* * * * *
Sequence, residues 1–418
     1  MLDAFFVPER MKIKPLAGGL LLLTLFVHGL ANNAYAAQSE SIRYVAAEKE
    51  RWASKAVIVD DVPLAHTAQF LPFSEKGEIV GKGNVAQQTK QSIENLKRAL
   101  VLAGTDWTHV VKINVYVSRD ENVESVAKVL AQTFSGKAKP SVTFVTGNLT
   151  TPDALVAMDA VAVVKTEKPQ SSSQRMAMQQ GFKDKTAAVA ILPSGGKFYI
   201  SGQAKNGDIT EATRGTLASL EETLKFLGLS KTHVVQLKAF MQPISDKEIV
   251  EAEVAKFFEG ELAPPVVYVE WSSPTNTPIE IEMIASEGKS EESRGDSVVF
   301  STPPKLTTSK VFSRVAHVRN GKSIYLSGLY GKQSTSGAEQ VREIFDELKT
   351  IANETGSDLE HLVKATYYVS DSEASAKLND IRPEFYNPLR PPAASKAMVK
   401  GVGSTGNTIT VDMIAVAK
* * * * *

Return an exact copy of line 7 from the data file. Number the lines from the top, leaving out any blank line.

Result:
   251  EAEVAKFFEG ELAPPVVYVE WSSPTNTPIE IEMIASEGKS EESRGDSVVF